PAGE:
Now back to NC4892. It was repaired and flown to California (Riverside and San Francisco) in January 1929 with OX-5 engine S/N 5797. It had accumulated 250 flight hours. It was probably this flight west that brought NC4892 to Tucson on January 12, 1929. It was piloted by Elmo P. Dodson with passenger Jack Downing. They were inbound from Lordsburg, NM, stayed overnight, and departed the next morning at 8:00 AM for Los Angeles.

The airplane next sold on March 7, 1930 to James H. Beardsley of Oakland, CA for $1,400. A month later, on May 14, 1930, the airplane, “failed to gain altitude on take off due to high grass and collided with fence.” Pilot W.F. Lodge had his license suspended on 5/23.

The airplane was then reported dismantled and stored in a barn at Stockton, CA. On October 11, 1930 it was sold through a sheriff’s sale to Roland Richman and Norman Teichman of Stockton for $174.48. It had 300 total flight hours. It was re-covered as of July 19, 1932, with new Curtiss OX-5 engine S/N 4654 installed on July 24, 1935.

On August 19, 1936 the airplane was sold to Elmer Wesley Blair and Roger Lowell Scott of Stockton, CA. It was disapproved for licensing because, “fuselage needs rebuild.” A year later Scott sold his share to Blair on July 26, 1937 and Blair sold it to Jacob Birkland of Redding, CA on November 12, 1937. Birkland tried, in February 1938 to sell it to Lloyd Gray of Chico, CA, but Gray returned the airplane to Birkland (I wonder why).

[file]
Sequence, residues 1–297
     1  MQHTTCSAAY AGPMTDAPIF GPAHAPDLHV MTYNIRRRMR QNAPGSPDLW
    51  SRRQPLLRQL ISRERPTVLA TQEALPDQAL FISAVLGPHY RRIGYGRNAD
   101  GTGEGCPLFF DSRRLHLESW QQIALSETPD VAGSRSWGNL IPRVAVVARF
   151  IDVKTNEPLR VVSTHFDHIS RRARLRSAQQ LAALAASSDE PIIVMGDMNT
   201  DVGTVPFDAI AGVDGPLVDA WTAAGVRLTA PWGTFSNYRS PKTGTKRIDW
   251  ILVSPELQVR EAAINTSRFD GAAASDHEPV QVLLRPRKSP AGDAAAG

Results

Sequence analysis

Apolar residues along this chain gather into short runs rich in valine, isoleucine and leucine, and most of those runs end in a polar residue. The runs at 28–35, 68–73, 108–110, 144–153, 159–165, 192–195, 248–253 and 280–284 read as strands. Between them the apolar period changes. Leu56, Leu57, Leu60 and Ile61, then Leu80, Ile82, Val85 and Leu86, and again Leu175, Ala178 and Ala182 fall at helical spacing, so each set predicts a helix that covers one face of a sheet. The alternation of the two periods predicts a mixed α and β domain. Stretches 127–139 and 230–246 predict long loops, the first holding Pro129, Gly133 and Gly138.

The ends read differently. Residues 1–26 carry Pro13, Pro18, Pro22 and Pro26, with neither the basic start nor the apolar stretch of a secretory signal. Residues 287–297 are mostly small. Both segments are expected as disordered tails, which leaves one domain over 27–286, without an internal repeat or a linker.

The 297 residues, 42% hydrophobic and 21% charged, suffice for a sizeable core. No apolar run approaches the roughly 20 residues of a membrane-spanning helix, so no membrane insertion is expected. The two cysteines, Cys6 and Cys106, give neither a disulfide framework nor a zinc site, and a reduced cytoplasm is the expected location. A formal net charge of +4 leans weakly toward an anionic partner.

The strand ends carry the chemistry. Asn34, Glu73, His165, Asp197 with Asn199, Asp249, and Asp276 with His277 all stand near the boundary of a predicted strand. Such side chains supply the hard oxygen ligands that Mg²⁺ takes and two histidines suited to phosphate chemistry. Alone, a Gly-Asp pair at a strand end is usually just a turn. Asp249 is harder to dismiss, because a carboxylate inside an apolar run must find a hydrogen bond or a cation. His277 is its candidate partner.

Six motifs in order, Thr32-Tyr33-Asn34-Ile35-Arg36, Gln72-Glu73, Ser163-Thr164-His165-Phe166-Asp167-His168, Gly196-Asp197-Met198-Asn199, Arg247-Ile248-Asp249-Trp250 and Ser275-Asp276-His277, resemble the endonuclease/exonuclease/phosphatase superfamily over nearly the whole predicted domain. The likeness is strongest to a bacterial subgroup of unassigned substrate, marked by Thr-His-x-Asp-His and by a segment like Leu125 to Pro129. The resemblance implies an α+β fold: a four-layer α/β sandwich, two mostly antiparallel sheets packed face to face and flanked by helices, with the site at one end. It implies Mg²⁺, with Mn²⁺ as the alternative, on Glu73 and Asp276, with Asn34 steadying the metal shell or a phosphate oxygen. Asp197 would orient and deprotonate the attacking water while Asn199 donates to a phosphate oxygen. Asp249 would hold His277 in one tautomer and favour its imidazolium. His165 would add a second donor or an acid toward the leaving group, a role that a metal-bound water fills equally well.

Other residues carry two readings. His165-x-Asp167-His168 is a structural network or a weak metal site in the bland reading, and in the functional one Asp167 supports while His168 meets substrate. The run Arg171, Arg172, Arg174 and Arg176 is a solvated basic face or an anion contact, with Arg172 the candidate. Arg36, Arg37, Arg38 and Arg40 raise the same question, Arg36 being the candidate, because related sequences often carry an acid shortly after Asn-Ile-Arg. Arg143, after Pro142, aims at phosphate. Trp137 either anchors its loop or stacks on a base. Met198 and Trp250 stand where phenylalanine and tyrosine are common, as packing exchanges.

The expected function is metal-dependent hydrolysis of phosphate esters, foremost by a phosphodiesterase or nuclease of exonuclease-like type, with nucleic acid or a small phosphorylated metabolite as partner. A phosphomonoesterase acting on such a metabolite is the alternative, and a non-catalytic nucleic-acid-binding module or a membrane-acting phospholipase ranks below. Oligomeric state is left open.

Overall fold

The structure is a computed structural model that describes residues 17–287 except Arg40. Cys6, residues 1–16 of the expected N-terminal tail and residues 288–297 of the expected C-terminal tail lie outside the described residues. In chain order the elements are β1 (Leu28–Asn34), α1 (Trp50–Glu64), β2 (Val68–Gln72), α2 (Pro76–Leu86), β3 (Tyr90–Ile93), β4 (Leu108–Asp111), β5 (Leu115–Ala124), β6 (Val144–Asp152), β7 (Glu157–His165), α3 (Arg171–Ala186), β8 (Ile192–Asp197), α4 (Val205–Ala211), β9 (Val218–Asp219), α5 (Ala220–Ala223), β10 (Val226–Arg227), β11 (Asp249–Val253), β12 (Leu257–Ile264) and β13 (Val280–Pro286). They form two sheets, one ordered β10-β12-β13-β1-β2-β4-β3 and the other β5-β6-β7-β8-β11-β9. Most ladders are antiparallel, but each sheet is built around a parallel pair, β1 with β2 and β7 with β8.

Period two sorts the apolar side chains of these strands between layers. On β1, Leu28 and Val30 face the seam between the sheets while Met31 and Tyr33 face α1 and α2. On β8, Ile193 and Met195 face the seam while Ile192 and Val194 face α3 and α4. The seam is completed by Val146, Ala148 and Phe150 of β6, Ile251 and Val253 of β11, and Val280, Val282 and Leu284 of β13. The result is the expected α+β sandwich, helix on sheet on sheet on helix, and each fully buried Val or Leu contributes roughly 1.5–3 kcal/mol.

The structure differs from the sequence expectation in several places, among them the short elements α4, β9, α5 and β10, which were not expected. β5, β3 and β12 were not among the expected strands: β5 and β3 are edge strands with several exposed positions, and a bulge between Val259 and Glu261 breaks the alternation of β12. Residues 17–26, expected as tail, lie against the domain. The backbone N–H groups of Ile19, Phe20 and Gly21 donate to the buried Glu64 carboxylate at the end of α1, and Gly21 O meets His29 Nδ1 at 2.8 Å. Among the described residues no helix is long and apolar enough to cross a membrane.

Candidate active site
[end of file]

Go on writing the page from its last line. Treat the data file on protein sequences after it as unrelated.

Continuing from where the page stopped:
In April 1938 Birkland reported the airplane dismantled and sold for parts. The registration was cancelled April 29, 1938 after only a few hundred hours of flying.

Update of 02/18/10 It is with sadness that I report to you the passing of our contributor to this page, George Low. I learned of his death via an email from his wife. She said,

"He did so appreciate talking with you and was really
so very pleased that you printed the picture of him
and his airplane.

As was his wish there was no public service, only the
family and his ashes were scattered just beyond the
Golden Gate Bridge by a pilot from this area.

We were married for 67 years."

George and I had a very nice exchange of emails between 2007-2009. He had a great sense of humor and shared a good number of amusing anecdotes about his experiences with his International, including a description of the starting procedure for his OXX-6 (above). I ordered the FAA record for his airplane (about 100 pages) and mailed it to him in August, 2009. He responded, "...many thanks to you for getting an "Old Pilot"and an"Old Airplane" together once again..." The pleasure, of course, was mine.

And George flies again!


UPLOADED: June, 2005 REVISED: 03/03/09, 05/12/09, 02/18/10

The Register
I'm looking for photographs of this airplane to include on this page. If you have one or more you'd like to share, please use this FORM to contact me.


Images on this page courtesy of site visitor and one-time F-17 owner and pilot, George Low.